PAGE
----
Global pandemics are not signposted in advance and are thankfully not a regular occurrence. But as we’ve all experienced since March 2020, when they hit, they can have an effect that touches everyone and every walk of life.
There are numerous “problem / opportunity” motivational quotes kicking around. All the greatest thinkers in the world, from Albert Einstein to Captain Jack Sparrow, have their faces attached to such soundbites. The difference here is that we have an “opportunity / problem” scenario.
Covid-19 has flipped the world of workplace on its head, and (hopefully) consigned rows of empty desks to the dustbin of history. An opportunity has presented itself and some organisations are already ahead of the curve, surveying their own staff, getting leadership together to articulate a vision and collectively decide on how best to implement new ways of working.
The problem is that some organisations will stick their head in the sand, ride out the storm and then re-open their existing workplaces much to the consternation of their staff who have been reading about how the new landscape will be full of “turbo-charged workplaces that foster interaction and learning”.
For some it will be purely a balance sheet problem; workplace transformation seen as a cost and not as a benefit. For others, inactivity will be as a result of not knowing what questions to ask in order to determine what form the future workplace will take.
If it is the former, ask for feedback from those who have recently completed a transformation project. It will never be pain-free, but with guidance from experts and leadership from within, it can revitalise an organisation when it comes to talent attraction or presenting a more confident outward face.
If it is the latter, then there is no magic bullet; every organisation is different. You could start the journey by asking about the three Ps (the enduring charm of alliteration). Ultimately you need to understand whether the space you have is appropriate (but might need reconfigured) or inappropriate (and might force a move), but you also need to decide on what type of organisation you want to be.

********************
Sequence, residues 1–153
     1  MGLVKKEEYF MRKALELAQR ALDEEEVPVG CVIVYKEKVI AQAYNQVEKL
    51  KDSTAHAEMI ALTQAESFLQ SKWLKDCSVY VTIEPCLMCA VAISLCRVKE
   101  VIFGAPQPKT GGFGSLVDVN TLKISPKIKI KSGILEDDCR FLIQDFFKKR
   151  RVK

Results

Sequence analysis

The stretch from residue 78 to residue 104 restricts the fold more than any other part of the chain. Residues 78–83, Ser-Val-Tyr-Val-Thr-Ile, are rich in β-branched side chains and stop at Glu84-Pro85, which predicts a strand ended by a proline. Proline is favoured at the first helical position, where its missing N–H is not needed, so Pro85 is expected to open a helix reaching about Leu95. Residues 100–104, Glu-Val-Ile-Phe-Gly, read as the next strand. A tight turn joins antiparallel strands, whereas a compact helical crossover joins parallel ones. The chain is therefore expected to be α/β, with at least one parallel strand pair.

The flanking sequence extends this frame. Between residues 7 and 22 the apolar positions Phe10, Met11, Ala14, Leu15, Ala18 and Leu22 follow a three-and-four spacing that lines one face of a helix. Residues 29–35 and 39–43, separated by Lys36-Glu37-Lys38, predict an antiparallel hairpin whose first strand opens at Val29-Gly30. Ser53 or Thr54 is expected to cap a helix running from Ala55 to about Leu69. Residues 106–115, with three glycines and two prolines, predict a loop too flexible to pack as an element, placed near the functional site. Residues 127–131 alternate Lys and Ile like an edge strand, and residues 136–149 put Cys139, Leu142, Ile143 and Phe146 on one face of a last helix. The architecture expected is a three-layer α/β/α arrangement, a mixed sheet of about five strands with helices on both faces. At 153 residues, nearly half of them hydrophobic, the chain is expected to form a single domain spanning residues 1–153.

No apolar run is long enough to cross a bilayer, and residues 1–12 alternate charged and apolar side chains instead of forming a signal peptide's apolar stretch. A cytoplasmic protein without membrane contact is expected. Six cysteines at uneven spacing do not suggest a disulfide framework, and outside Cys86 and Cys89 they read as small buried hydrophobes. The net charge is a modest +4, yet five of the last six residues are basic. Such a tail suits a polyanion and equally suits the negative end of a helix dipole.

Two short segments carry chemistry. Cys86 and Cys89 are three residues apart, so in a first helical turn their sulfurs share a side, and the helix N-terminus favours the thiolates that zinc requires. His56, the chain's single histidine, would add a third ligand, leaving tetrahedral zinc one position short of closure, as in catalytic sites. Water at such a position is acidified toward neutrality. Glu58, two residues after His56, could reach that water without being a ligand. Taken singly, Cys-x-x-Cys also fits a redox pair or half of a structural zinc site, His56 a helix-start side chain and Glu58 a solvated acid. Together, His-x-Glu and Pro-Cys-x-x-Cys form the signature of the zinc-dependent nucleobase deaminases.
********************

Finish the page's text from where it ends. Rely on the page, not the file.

- Productivity: are there teams that predominantly need to be in the workplace, or conversely, are more effective working partially remotely?
- Place: do the spaces provided in the workplace support staff properly and are home working set-ups appropriate?
- Presence: at what level do you manage attendance in the workplace – at an organisational level with a minimum number of days or using a more flexible approach at a team level?
Answers will produce more questions. The right questions will produce the answers that will help your organisation develop the right strategy.
If your organisation is governed by a “there’s always the 24-hr petrol station on the way home” mindset then be prepared for a very rude awakening. Your future workplace will be a re-hash of (or even the same as) what didn’t work before.
Ask yourself, is the equivalent of flowers from the petrol station what you want or just what you’re going to be left with.